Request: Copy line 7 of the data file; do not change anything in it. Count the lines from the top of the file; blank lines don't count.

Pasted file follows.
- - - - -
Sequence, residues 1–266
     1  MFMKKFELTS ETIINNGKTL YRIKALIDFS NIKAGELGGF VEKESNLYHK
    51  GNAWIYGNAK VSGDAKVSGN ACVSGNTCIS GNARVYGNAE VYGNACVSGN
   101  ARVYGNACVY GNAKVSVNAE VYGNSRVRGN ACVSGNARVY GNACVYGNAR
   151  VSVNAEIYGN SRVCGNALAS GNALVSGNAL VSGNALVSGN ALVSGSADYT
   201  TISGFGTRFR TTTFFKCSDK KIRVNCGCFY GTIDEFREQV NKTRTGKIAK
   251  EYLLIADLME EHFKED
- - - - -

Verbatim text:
   251  EYLLIADLME EHFKED